2. Community based surveys also show high institutional delivery – eg. the UNICEF sponsored Coverage Evaluation Survey. However some states and districts still have low institutional delivery – see NHSRC report on JSY. Even though there is information about continuing low institutional delivery/high home delivery in many places, the system completely ignores ways of strengthening home deliveries even though there is emerging literature that trained home deliveries definitely reduce neonatal mortality and probably reduce maternal mortality.
    3. There is very little extra Comprehensive Emergency Obstetric Care available at the institutional level. Life saving is not possible without CEmOC. No one seems to remember this basic tent in their hurry to declare JSY a success. Preliminary analysis done by us of DLHS 3 data ( the latest data available in the public domain) shows that institutional delivery has become less safe after introduction of JSY – raised still birth and neo natal deaths, infections and post partum fever and bleeding.
    4. Maternal death rates from states like Rajasthan, MP, Bihar, Orissa have actually shown an upward trend through the Annual Health Survey done in 2010 compared to earlier studies in the 2007 -09. The 2010 has a larger sample size and reports MMR at a sub-state level for the first time and both studies were done by the Registrar General of India.
    5. Conceptually JSY does not address maternal deaths in the post partum period or in pregnancy. In practice provides poor and at best uneven quality of care at the point of service delivery. It is difficult to find a ‘logic’ to how it is expected to contribute to substantially safer deliveries.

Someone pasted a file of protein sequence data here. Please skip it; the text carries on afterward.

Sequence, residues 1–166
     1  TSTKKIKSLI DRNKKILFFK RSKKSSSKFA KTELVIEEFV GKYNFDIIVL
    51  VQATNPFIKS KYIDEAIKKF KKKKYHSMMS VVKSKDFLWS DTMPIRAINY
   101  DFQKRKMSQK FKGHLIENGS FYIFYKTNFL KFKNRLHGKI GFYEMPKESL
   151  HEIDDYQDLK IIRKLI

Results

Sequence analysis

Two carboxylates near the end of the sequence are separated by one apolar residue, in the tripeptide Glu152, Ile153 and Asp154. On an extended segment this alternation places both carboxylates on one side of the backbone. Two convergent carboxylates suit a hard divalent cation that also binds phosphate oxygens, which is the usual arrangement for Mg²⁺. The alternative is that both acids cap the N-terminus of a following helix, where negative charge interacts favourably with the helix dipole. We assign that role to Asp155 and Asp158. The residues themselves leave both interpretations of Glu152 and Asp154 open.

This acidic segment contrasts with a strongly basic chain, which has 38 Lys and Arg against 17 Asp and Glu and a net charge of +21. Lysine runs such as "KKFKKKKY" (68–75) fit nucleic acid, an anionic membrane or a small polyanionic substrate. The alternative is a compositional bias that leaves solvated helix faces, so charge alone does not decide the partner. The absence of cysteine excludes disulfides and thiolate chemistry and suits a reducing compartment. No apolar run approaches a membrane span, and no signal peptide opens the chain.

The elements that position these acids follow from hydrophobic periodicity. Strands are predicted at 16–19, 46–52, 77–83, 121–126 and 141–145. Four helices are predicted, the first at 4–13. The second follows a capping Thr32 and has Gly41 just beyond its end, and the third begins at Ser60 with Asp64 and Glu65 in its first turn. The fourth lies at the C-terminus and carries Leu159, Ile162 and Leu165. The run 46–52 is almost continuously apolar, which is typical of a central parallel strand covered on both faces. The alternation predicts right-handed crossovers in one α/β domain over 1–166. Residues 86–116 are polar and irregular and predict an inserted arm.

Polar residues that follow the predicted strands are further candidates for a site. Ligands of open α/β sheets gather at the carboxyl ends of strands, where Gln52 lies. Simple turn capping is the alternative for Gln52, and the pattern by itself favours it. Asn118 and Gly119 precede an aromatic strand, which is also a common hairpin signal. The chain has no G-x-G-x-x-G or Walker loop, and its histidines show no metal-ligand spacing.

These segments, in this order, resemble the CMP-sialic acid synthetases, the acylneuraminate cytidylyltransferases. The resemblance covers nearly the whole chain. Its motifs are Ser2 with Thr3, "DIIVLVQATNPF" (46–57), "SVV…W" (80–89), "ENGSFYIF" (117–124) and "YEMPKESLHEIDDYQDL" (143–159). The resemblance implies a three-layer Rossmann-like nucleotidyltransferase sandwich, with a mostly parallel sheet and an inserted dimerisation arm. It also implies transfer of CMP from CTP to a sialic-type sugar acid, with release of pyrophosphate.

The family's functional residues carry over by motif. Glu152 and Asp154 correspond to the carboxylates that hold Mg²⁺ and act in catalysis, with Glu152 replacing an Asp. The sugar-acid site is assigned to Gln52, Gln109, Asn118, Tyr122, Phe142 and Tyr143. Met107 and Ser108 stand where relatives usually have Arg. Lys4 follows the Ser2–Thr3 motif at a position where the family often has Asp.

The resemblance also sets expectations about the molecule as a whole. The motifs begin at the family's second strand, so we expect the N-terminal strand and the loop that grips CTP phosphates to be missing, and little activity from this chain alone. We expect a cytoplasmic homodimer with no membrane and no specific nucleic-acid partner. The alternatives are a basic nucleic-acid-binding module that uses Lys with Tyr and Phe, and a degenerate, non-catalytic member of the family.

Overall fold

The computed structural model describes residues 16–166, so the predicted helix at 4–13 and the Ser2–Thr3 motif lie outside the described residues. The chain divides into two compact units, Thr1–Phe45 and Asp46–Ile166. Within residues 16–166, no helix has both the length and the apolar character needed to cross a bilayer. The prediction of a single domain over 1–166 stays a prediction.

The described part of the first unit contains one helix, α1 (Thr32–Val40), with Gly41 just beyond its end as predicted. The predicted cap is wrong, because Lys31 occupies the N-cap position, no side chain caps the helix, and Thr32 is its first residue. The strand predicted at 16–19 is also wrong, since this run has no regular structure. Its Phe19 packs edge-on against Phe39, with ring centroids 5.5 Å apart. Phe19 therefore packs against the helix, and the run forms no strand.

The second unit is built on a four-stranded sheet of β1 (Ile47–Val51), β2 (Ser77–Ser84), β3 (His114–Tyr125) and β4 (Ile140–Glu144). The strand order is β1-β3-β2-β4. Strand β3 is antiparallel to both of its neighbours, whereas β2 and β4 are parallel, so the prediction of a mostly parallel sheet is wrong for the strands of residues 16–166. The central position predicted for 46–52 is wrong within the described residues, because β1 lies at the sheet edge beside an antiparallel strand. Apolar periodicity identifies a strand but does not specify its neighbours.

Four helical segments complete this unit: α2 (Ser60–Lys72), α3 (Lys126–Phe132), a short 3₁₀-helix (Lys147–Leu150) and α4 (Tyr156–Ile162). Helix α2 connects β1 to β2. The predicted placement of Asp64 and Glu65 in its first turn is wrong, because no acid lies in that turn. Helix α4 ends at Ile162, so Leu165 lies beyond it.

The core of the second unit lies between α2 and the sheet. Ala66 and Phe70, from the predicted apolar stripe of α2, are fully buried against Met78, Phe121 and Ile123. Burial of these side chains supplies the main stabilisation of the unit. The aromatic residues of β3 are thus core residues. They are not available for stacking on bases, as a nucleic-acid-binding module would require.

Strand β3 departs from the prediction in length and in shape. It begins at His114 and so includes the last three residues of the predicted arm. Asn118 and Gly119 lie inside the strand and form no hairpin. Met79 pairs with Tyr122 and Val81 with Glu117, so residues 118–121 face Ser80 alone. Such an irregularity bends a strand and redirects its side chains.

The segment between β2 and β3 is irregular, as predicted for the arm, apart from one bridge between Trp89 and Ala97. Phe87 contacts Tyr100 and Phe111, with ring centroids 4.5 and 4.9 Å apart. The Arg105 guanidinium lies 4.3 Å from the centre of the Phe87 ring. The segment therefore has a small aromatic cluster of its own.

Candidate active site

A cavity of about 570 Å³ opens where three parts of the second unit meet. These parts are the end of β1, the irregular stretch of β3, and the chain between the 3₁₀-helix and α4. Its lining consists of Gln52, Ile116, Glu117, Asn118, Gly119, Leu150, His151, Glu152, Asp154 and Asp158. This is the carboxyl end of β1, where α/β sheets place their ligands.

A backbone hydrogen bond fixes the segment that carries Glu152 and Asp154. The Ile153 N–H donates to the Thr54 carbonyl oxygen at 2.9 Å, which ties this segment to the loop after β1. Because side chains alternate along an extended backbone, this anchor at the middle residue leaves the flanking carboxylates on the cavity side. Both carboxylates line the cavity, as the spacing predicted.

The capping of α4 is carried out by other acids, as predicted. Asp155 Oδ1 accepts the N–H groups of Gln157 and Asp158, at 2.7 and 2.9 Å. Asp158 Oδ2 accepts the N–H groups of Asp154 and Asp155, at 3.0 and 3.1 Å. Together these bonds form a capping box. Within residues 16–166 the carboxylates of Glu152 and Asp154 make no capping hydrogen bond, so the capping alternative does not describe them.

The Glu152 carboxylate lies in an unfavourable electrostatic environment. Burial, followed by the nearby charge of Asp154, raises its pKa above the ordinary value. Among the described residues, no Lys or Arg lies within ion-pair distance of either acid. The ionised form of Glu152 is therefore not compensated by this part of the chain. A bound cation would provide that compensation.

JSY has led to increases in institutional delivery because of the incentive – a considerable amount for the poorest of the poor. Women are also going to institutions with the hope of better outcomes. Unfortunately community based studies show that women’s experience of institutional delivery is often one of harassment if not downright abuse. We need to address issues around quality if we want women’s faith in public institutions to persist beyond this initial rise of instititutional deliveries. We also need to make adequate provisions for making home deliveries safer with adequate provisions for CEmOC. My fear is that unsafe institutional deliveries promoted through JSY carrot may actually end up becoming the stick.

  2. JSY is (has been) seen as an innovative conditional cash transfer mechanism to promote uptake of “safe delivery” in public hospitals. Indeed, it was launched under the National Rural Health Mission (NRHM) and the intention was JSY would increase public service utilisation of the facilities that the NRHM would seek to improve through better financing. And the numbers do show (as you illustrate) such a “good” trend.

    Indeed, the quality of services has not improved much. Many women now deliver in poorly equipped (both people-wise and otherwise!) hospitals. Capacity-building of staff has not matched the hurry to ensure fund-availability for distribution. While the “innovativeness” of the financing mechanism is appreciable, the lack of systems to ensure capacity to “absorb” increased funds at district and sub-district levels result in a poor utilisation of the increasing finances.

    Agreed that JSY is a good measure but unaccompanied by a responsive system, the financing mechanism alone merely increases “theoretical utlisation” and does not translate into better service (recalling